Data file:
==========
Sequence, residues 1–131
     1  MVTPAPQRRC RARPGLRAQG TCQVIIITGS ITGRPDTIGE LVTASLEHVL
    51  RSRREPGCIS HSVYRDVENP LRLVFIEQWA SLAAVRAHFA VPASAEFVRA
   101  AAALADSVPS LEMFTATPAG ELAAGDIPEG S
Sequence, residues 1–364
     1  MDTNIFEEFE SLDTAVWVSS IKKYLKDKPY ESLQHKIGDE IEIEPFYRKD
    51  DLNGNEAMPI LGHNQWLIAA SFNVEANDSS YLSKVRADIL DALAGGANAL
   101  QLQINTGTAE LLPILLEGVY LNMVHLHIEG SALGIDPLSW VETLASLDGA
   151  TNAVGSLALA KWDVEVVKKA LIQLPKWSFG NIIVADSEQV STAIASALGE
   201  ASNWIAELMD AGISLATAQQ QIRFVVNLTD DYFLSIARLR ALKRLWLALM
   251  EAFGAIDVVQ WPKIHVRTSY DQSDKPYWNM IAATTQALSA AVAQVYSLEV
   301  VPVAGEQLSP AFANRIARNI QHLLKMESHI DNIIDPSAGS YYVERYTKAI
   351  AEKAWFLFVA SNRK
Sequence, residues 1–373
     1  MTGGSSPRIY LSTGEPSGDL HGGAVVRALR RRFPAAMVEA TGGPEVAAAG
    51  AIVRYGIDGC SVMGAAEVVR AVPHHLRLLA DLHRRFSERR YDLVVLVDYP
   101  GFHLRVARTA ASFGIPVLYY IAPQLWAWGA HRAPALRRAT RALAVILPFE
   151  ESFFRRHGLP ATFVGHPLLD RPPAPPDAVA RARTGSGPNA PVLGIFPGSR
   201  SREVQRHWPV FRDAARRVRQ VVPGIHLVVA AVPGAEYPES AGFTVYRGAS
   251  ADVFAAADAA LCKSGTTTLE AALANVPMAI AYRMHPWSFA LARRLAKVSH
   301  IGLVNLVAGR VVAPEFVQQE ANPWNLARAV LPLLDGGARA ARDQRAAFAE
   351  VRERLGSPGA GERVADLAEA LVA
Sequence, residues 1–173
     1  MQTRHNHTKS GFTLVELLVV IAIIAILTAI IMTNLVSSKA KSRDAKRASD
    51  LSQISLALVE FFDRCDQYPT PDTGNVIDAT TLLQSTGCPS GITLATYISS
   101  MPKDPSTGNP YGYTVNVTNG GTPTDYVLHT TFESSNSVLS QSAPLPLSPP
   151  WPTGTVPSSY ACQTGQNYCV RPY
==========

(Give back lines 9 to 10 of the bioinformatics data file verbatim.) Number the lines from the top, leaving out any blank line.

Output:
   151  TNAVGSLALA KWDVEVVKKA LIQLPKWSFG NIIVADSEQV STAIASALGE
   201  ASNWIAELMD AGISLATAQQ QIRFVVNLTD DYFLSIARLR ALKRLWLALM